In Defence of Democracy: The role of youths
By Ashton Bumhira
“No one is born a good citizen; no nation is born a democracy. Rather both are processes that continue to evolve over a lifetime. Young people must be involved from birth. A society that cuts off from its youth severs its lifeline.”
These are the words of former United Nations Secretary-General, the late Ghanaian Kofi Annan which aptly captures the unquestionable and indispensable role of youths to the success of any society and the success of any process thereof, democracy included. At the heart of the entrenchment and survival of democracy are young people.
If young people are at the epicentre of democracy, it follows that they have a huge role to play in preserving and fighting for it in cases where it is under threat.
Before stating the role of young people in defending democracy, it is important to define the term democracy.
Several scholars have come up with short and voluminous definitions of what democracy is to them but generally, it can be agreed that democracy is governance by the people. This thus entails that laws, policies, leadership and major undertakings of the state or any institution are directly or indirectly made by the people, the majority.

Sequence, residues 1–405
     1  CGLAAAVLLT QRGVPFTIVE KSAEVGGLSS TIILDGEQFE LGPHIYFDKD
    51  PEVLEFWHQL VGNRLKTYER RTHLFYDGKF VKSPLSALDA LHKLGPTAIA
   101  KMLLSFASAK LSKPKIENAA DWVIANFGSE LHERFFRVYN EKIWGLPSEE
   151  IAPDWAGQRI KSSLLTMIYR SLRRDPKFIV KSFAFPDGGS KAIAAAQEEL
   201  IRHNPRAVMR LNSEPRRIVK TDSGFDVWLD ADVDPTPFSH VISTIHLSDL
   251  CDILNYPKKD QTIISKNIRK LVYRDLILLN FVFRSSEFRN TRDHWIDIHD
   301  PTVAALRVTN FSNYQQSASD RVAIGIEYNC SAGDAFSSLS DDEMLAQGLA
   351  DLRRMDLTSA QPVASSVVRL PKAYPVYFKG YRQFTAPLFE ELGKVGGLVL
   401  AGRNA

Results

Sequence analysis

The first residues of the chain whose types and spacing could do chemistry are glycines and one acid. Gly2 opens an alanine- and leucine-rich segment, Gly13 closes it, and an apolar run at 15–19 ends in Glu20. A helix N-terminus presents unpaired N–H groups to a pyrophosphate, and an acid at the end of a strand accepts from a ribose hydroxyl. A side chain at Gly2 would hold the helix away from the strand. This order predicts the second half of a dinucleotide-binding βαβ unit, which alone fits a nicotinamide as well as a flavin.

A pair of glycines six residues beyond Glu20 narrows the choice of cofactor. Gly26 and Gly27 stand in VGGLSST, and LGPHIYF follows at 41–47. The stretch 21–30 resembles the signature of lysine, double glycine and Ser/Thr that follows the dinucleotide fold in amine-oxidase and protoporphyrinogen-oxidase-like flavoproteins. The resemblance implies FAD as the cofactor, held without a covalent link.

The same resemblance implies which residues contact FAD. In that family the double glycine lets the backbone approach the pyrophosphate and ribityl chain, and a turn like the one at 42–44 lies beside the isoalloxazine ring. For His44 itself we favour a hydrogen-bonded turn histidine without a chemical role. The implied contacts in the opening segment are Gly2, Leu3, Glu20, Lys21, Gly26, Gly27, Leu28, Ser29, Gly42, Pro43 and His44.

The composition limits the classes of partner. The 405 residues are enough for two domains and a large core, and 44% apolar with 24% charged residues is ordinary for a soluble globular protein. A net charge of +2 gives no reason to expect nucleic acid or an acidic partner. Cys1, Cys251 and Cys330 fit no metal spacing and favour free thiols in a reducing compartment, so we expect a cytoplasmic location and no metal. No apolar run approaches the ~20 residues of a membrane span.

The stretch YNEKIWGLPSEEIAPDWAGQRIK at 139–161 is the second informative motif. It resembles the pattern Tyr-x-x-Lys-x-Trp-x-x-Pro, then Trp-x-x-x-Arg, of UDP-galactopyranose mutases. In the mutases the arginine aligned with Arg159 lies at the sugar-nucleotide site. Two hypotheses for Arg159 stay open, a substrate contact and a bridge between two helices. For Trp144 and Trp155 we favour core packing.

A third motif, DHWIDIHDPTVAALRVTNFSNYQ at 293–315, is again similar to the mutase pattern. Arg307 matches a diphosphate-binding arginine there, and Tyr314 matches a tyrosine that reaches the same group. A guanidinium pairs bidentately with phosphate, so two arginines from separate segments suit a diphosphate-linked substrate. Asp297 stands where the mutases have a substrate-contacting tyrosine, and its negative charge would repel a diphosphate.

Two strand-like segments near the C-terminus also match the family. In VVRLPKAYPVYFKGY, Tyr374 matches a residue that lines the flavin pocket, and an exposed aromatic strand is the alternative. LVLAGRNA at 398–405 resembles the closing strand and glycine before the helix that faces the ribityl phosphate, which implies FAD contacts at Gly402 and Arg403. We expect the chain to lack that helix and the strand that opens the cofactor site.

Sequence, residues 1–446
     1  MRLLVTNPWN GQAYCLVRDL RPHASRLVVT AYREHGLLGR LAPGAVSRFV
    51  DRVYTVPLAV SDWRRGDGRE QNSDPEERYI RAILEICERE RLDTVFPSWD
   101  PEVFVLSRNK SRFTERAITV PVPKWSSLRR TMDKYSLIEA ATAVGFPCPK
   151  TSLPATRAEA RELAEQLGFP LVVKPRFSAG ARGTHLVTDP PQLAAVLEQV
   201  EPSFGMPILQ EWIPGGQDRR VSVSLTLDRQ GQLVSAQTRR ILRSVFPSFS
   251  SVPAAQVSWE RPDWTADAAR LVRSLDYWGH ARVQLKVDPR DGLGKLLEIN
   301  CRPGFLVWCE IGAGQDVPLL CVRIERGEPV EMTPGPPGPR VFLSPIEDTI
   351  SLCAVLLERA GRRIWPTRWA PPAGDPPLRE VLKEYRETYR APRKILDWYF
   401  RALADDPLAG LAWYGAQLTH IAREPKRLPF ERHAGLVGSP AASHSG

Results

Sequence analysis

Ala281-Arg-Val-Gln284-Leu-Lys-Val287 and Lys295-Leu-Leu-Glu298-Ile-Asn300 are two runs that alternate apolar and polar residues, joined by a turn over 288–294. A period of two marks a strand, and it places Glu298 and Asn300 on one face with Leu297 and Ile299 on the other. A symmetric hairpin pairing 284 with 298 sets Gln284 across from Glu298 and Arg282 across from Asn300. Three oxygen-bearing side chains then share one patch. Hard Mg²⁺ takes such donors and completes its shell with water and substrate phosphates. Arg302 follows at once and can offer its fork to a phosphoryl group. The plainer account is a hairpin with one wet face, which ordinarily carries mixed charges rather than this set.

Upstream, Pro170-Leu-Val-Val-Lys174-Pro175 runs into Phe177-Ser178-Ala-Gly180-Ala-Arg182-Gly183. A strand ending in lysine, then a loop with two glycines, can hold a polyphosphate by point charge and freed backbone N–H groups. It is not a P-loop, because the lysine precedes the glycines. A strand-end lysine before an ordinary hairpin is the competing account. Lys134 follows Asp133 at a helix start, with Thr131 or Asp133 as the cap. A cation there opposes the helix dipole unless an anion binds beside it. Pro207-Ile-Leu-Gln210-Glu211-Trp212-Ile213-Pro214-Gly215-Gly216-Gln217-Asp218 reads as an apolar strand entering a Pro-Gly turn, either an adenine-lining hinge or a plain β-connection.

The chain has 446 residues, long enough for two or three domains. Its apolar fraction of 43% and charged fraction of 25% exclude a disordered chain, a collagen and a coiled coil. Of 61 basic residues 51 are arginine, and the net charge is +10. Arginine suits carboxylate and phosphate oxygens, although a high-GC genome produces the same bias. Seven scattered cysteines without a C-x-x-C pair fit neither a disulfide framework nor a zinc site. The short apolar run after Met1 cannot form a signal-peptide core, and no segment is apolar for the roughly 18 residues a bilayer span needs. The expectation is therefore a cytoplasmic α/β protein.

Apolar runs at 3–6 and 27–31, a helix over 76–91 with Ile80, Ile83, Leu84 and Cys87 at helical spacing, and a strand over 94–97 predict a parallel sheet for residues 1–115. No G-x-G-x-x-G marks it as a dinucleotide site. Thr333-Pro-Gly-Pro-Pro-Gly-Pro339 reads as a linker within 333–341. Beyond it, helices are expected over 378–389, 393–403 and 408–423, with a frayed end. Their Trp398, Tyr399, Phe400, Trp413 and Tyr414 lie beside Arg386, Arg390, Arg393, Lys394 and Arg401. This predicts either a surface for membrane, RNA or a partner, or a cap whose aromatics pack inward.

Like any system of governance, democracy is not immune to factors that threaten its very existence even though it is the widely accepted system of governance across the globe. From the simplified definition of democracy proffered above, there is one key element that stands out in a democratic system- the involvement and participation of the people. Once the people are sidelined from partaking in key processes, decision-making institutions and bodies of the state, democracy is under threat.
In defence of democracy as a governance system, young people are duty-bound to fully participate in all tenets of a democratic system. Young people constitute more than half of the world population and in Sub Saharan Africa, they constitute an average of 70%. If democracy is hinged upon the participation of the masses, meaningful democracy needs young people who are the majority and likewise, youths need meaningful democracy to thrive and maximize their potential.